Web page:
The situation demands for stakeholders to sit together and try to find a middle way. The priority should be to set the economy, restoring market confidence, and taking up a stringent reforms plan.
The political episode after General Elections – 2018, which started with a string of events like a hung parliament and polarization on multiple societal levels, does not seem to be dissipating anytime soon, even after the Vote of No-Confidence that was brought in to de-seat the former Prime Minister Imran Khan, in the National assembly by the Pakistan Democratic Movement (PDM).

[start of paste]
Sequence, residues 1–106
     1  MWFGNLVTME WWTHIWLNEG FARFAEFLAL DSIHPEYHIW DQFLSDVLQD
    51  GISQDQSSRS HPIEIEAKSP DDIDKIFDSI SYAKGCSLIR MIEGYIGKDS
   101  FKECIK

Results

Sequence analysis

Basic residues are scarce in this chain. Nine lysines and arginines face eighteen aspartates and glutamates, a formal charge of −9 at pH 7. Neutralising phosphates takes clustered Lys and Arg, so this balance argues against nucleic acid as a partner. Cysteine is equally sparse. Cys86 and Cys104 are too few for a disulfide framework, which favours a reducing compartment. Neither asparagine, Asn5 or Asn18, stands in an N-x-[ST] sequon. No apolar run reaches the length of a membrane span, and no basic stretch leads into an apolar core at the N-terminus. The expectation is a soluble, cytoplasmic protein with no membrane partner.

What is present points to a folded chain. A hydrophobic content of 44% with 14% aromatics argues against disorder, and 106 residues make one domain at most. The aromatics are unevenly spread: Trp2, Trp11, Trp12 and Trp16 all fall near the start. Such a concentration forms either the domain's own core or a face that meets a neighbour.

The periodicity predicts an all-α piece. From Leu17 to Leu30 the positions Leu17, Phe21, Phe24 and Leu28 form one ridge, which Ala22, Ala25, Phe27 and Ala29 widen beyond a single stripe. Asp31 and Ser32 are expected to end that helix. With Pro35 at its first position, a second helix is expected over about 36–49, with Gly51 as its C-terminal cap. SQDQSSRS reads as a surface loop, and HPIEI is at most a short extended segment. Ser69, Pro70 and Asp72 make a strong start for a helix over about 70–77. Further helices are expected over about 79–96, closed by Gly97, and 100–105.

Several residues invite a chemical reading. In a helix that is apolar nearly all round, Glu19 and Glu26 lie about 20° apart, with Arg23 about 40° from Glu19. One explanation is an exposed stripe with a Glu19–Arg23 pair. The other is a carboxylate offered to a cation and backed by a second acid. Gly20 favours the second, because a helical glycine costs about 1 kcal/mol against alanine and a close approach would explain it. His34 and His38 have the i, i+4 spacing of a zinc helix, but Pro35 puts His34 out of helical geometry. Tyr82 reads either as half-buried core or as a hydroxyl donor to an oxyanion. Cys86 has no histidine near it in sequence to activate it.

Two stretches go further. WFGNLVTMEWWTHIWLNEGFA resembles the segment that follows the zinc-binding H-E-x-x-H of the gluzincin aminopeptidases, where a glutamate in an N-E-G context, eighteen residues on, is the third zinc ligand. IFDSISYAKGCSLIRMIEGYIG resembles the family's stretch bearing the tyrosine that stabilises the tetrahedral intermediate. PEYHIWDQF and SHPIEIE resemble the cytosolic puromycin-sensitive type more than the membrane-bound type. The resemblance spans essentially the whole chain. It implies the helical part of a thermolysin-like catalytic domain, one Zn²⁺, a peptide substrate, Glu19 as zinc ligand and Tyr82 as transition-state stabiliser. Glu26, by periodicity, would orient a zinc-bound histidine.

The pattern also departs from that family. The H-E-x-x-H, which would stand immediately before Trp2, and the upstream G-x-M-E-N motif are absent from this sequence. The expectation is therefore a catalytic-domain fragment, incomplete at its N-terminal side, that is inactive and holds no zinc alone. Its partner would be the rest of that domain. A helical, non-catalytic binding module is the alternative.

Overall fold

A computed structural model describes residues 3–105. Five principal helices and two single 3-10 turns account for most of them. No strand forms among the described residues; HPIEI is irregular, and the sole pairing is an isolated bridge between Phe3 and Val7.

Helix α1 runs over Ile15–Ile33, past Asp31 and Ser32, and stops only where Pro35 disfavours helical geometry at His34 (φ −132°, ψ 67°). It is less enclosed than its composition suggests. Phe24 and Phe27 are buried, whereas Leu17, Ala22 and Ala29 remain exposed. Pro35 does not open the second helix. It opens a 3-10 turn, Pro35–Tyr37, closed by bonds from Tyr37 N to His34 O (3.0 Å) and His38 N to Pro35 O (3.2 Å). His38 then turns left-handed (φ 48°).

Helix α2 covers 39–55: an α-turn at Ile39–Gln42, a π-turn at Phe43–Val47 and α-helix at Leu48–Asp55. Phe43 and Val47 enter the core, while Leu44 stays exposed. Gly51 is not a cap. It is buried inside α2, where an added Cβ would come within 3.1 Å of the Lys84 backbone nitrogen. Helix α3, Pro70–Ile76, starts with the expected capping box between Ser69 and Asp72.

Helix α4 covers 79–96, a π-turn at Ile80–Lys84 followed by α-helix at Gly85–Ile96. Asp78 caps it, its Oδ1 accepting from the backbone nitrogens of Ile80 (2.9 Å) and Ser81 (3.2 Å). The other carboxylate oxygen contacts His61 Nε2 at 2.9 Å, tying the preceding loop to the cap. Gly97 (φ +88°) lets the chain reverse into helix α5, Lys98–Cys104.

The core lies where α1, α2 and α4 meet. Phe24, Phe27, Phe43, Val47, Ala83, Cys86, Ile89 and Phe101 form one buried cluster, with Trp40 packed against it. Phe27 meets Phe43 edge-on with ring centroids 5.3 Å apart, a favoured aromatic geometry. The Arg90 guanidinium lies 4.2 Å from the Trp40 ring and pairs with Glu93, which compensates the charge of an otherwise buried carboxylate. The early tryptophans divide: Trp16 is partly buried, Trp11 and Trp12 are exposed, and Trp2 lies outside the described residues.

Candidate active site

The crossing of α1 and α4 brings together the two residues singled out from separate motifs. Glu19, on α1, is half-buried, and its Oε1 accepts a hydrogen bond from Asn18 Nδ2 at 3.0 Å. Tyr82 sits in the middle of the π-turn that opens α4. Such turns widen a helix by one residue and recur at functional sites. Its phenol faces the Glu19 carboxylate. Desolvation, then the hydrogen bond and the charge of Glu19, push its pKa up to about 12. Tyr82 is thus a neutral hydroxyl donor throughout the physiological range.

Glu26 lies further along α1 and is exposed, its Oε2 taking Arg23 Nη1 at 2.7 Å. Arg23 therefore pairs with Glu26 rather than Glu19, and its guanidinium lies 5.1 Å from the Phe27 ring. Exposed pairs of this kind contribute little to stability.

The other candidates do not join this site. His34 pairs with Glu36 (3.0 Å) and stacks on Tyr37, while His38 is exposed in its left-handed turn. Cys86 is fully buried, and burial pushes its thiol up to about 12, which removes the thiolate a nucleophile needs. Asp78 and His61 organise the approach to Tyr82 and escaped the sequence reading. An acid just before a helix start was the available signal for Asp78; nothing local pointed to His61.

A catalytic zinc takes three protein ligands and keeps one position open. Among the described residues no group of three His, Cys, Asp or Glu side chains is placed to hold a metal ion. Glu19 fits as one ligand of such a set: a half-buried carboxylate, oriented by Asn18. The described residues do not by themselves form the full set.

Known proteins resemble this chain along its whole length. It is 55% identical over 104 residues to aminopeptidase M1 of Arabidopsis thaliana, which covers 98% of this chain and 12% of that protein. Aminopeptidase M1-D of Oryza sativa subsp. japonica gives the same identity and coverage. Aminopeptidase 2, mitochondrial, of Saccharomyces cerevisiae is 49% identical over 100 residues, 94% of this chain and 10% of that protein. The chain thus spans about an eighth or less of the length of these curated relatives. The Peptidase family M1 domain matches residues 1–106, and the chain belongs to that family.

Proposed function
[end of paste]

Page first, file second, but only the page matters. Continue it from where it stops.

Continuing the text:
It has already been more than 8 months since the new prime minister, PDM’s candidate Shahbaz Sharif, took seat but the situation, especially in terms of economy, has exacerbated further. The matters stretching from energy, agriculture, politics and especially the economy have gone from worse to seemingly-irreparable.
Pakistan is already facing an external financing problem to the tune of $73 billion for the next three fiscal years and it would not come as a surprise if the country declared default on its external financial obligations.
The situation demands for stakeholders to sit together and try to find a middle way. The priority should be to set the economy, restoring market confidence, and taking up a stringent reforms plan. And that could only be achieved by immediately calling free and fair elections. Anything besides that is a recipe for disaster. It is hoped that better sense prevails, eventually.